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My first concept art

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I'm producing concept art for my game idea to be palmed off to a 3d artist, and I would like critique from you guys. Here it is, located on my dA: http://comradeda.deviantart.com/art/Turtle-HAT2-145475058 Also, first post.

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What's the setting of your game -- modern day, future? I ask because the setting could say something about how you want the tank to 'feel'.

So without that, I'd just come at it from a plausibility standpoint. There's a whole story to the development of the design of modern tanks that I think is useful to know if one is going to be designing tanks. What can I say but say start here and read everything ;)

But, specifically: From a plausibility standpoint the turret looks too large compared to the hull, and it seems to be mounted pretty far back, implying that the engine is in the front (if there was room for it) -- this is done in the Merkava tank to maximize crew survival, which stems from the strategic situation of the IDF trying to run a large army with relatively limited manpower. -- point being, the design of a tank can imply a lot about its setting.

It may be useful to the 3d modeler to draw some detailed views of certain 'tricky' parts to show how the bottom of the tank looks, the design of the treads, how the wheels meet the treads (and how the whole arrangement of wheels works on a tank), how the wheels attach to the hull, how the turret attaches to the hull, etc, depending on how detailed you want to get. I took a drafting class once and it taught some great skills for expressing 3d objects in various views; like this, kinda.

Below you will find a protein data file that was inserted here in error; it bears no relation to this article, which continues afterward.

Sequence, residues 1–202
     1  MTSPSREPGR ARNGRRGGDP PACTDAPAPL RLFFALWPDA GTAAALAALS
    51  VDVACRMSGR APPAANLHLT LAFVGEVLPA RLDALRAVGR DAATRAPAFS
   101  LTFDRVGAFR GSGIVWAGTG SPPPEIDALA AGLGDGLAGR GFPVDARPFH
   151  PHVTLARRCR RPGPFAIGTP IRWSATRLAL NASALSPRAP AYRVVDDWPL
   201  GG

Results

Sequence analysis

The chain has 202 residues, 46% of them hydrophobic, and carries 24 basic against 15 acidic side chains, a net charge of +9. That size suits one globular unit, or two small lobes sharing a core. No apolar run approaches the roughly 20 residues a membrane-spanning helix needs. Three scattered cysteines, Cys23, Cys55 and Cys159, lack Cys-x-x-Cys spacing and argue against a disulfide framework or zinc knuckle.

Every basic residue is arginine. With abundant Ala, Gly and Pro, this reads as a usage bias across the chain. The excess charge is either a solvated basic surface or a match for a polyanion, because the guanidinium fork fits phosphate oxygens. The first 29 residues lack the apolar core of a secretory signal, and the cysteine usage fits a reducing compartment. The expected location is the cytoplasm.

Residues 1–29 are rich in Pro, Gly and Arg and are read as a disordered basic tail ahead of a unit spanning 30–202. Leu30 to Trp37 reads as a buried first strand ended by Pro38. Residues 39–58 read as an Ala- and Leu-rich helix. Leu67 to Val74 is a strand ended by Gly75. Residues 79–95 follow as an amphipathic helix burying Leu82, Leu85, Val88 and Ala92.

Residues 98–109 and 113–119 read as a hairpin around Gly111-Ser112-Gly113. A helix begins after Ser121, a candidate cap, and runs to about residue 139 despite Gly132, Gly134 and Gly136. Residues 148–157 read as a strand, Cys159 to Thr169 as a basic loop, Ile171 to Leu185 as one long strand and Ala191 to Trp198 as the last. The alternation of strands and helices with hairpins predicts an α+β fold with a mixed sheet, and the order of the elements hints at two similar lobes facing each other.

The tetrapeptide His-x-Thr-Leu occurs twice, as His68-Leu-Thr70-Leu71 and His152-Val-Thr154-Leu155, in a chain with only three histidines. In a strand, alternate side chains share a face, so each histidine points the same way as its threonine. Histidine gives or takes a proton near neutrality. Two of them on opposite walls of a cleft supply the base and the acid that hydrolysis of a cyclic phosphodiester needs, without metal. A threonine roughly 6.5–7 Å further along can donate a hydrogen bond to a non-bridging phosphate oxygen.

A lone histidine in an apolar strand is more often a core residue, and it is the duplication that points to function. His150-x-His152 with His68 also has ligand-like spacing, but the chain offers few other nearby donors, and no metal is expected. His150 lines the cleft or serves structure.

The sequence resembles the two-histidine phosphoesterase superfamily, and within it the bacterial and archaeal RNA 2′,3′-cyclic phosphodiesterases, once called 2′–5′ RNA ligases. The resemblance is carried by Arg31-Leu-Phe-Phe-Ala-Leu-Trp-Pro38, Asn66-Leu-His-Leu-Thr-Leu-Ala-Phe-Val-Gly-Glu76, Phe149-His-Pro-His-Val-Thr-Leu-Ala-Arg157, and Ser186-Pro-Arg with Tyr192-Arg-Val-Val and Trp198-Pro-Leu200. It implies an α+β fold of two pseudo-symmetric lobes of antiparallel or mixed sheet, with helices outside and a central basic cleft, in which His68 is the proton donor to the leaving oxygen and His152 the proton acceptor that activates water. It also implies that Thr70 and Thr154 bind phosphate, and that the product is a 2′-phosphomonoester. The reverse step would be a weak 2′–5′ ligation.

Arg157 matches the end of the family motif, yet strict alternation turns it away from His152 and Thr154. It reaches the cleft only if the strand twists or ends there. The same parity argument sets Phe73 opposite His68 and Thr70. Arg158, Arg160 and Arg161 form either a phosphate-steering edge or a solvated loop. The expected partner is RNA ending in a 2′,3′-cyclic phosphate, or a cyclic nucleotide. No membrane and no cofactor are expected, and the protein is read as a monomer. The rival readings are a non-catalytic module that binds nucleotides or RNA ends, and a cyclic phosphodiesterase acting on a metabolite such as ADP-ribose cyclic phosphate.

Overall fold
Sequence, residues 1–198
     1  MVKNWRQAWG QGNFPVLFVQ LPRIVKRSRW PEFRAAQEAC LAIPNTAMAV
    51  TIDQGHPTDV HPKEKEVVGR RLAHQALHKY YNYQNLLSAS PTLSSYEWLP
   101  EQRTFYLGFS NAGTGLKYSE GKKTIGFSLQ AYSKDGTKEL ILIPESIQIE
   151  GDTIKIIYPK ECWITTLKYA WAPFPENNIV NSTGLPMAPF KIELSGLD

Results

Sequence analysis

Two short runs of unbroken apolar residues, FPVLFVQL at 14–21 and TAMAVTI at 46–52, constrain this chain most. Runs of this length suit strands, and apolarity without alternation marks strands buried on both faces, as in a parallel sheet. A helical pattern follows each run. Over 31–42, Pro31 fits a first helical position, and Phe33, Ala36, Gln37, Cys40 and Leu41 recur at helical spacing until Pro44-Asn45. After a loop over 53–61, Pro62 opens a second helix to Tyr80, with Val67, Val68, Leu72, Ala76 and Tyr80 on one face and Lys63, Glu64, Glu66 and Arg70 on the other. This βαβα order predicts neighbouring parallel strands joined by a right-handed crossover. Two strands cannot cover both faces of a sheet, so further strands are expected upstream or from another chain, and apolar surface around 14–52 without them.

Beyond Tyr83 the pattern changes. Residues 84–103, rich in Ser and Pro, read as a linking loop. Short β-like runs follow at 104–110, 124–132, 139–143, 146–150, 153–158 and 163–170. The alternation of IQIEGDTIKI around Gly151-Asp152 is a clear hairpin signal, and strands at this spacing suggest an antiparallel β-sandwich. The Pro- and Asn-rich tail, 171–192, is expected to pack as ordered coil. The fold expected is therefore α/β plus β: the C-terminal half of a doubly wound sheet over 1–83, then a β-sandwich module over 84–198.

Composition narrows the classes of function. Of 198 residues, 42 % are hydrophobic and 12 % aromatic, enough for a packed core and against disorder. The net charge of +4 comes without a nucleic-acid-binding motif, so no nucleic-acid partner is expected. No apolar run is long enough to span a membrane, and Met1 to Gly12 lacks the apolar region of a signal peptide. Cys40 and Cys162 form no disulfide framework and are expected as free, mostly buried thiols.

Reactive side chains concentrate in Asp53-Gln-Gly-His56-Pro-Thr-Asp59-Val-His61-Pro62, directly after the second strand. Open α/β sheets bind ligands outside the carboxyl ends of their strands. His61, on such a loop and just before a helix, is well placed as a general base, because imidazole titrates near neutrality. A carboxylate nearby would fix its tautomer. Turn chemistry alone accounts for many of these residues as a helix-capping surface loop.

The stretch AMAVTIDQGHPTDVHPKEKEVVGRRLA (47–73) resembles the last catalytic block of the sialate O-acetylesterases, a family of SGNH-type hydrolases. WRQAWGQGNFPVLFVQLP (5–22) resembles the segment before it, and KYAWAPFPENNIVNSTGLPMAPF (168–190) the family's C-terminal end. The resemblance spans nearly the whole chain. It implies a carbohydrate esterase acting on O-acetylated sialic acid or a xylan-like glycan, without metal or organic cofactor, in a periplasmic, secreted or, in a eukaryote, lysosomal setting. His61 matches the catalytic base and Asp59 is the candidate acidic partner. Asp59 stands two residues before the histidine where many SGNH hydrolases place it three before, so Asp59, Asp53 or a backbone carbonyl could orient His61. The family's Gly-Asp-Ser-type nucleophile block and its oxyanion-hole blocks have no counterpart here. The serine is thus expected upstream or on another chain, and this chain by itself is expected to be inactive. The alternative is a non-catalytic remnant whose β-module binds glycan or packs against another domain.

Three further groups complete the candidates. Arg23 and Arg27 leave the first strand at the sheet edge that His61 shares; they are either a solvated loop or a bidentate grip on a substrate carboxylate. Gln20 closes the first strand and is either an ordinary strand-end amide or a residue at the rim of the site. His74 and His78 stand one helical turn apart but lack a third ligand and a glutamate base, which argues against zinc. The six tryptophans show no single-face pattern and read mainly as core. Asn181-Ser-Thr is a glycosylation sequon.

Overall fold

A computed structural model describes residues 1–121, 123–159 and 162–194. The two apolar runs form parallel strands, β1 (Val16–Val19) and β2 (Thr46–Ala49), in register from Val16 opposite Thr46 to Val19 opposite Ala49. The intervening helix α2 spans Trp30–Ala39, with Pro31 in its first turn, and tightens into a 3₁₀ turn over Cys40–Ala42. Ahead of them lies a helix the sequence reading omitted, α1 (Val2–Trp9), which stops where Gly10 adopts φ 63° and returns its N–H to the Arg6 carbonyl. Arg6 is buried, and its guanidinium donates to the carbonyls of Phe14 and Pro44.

It helps to have done a little 3d modeling, too, so you know what a modeler is going to be concerned with.

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It's a future setting, slightly dystopian, although not in an orwellian way. The game is a real-time strategy

It mainly exists to justify a bunch of gameplay mechanics (the gameplay was written from the top down), so what I have is:
The vast majority of people live in prefabricated homes (kinda like mobile homes).
Most of the large cities of today are derelict.
Pretty much everything is mass-produced (although if someone is rich, they can afford to have a house built)
The players play as part of a large corporation's military arm
There's teleportation technology, although in almost all cases you need a teleporter at both ends (to justify why troops can be 'built' fairly quickly, they're just hopping into a teleporter which has a recharge time).

The setting isn't entirely serious, but it should have the vague vestiges of believability, so I'm avoiding things like walkers and anti-tank lasers.

Looking at it again, the turret does look a bit big. However, I have done a bit of 3d modelling, and know that that sort of thing can fairly easily be arbitrarily changed.